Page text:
Todd Martin’s widely anticipated canyoneering guidebook for the Grand Canyon, Grand Canyoneering: Exploring the Rugged Gorges and Secret Slots of the Grand Canyon, is now available for purchase through Todd’s website. Since Rich Rudrow wrote such a fine introduction for Mr. Martin’s book, I thought I’d simply copy it here:
After four years of painstaking work, and occasionally some heart thumping adventure, Todd Martin’s encyclopedia of Grand Canyon drainages is finally finished. Grand Canyoneering is the first extensive guidebook covering technical canyoneering in Grand Canyon National Park. At 500 full-color pages, highlighting 117 drainages from Waterholes Canyon upstream of Lee’s Ferry to Tincanebitts Canyon at river mile 264, there is an adventure for everyone.
Backpackers will enjoy 34 hikes through remote drainages that do not require ropes. Technical canyoneers will marvel at the stunning microenvironments and challenges to be found in the only limestone slot canyons on the Colorado Plateau. And river runners will be surprised at the slot canyon adventures within easy reach that they’ve floated past for years.
Of course, Grand Canyoneering has complete and accurate beta to assist in exploration of these places in Todd Martin’s proven writing style, and more than 100 pages are dedicated to technique, safety, and etiquette for environmental preservation, but in my opinion the book does something more profound. Loaded with 200 stunning full color photos of remote parts of Grand Canyon, including places never before seen by human eyes, Grand Canyoneering peels back one more layer of the onion that is Grand Canyon National Park, a place so vast and isolated that it’s difficult for humans to appreciate the scale. Even if you never intend to hike, raft, rappel, or gawk from the rim of the Grand Canyon, Grand Canyoneering provides a never-before-published view of one the seven natural wonders of the World.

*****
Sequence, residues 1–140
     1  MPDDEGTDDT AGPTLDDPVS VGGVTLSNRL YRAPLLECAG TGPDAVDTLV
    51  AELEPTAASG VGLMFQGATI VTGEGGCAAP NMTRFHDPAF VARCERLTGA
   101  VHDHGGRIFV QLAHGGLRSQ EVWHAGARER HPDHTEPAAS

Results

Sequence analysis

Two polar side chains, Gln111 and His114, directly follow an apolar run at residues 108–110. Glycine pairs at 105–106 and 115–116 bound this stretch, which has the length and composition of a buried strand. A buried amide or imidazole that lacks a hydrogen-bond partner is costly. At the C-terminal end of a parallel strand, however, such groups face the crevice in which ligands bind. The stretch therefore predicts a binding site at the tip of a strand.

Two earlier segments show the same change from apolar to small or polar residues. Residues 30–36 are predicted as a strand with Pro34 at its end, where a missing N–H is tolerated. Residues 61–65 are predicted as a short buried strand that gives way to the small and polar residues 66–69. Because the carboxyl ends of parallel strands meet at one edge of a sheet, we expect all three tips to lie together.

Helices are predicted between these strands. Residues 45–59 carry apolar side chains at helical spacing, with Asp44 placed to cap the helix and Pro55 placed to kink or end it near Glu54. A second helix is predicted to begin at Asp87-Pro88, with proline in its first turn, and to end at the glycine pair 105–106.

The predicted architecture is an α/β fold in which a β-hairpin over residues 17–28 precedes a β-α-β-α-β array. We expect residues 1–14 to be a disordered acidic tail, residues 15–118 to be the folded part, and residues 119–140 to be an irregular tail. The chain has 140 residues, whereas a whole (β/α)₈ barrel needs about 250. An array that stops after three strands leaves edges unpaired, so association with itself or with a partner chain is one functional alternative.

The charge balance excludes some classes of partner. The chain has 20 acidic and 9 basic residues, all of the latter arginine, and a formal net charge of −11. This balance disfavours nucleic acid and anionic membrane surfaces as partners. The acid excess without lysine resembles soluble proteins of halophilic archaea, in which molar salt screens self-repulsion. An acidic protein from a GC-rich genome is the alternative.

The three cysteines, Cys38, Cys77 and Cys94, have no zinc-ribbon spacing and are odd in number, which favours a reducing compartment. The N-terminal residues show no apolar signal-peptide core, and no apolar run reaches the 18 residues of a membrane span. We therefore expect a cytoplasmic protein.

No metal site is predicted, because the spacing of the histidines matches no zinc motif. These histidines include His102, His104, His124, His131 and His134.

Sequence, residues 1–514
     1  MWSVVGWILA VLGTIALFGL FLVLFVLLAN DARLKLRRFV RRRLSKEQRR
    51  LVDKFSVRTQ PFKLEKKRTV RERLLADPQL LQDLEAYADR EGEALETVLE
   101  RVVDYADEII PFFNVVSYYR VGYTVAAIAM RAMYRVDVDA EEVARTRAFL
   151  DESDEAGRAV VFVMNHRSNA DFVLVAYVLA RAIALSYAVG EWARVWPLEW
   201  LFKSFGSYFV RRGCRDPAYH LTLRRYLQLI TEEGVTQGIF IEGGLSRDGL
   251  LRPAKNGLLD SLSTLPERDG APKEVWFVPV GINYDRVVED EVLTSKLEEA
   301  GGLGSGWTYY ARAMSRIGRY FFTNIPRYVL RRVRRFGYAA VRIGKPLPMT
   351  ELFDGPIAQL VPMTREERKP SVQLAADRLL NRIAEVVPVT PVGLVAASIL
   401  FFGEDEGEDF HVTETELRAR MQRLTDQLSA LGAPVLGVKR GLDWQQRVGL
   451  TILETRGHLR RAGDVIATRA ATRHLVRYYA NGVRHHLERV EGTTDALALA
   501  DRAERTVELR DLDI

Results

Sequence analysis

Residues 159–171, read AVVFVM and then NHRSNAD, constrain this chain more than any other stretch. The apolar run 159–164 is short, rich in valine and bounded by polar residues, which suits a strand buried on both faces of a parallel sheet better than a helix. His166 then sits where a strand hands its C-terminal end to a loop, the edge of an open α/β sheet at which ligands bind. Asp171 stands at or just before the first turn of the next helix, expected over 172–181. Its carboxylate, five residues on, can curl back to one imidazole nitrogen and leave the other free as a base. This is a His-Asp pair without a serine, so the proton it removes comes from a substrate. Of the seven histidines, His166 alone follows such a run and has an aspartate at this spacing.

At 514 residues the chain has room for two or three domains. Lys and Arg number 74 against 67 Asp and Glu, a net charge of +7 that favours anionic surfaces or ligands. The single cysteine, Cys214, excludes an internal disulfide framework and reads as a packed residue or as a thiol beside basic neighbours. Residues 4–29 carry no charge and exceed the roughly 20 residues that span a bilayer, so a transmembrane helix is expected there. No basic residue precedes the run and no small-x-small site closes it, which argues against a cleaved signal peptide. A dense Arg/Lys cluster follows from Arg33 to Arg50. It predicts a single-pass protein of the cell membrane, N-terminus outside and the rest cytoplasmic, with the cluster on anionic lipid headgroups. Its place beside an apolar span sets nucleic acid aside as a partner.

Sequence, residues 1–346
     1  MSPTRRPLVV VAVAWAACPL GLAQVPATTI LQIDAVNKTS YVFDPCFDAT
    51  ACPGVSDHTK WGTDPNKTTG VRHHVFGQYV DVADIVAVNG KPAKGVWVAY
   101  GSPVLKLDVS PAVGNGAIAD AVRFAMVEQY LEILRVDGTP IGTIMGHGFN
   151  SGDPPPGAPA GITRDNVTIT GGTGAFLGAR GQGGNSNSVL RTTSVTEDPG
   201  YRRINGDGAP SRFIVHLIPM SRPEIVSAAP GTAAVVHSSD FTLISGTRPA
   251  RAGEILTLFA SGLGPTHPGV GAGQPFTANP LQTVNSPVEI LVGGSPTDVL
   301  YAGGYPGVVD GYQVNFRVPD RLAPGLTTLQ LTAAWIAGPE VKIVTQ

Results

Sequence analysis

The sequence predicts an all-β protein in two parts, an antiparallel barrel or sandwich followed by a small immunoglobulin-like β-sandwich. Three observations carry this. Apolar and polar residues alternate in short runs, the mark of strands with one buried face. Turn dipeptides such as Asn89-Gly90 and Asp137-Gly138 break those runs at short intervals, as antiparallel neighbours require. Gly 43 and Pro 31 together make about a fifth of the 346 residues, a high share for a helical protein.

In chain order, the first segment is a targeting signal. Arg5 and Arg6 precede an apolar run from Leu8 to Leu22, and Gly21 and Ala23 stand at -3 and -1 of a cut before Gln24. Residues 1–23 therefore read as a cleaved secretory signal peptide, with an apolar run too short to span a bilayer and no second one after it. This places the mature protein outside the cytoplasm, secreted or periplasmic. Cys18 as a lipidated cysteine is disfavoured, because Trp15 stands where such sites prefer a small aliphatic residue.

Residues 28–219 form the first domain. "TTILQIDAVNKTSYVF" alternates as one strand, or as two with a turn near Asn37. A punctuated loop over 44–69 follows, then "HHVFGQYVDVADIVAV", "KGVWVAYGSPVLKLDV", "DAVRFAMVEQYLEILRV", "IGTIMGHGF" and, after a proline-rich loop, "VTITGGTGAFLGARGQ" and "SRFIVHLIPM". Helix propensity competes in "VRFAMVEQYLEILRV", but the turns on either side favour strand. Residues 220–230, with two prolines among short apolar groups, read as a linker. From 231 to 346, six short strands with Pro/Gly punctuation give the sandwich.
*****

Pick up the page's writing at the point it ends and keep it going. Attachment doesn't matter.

The book is now available from Todd Martin’s website for $29.95.
After reading an advanced copy, I’m still amazed at what Todd has accomplished. Of course, I’m certainly biased from being on nearly all of the hikes in the book, but this is one of those rare books that will reside in my truck, ready for the next adventure. I’ll be interested to hear if you agree.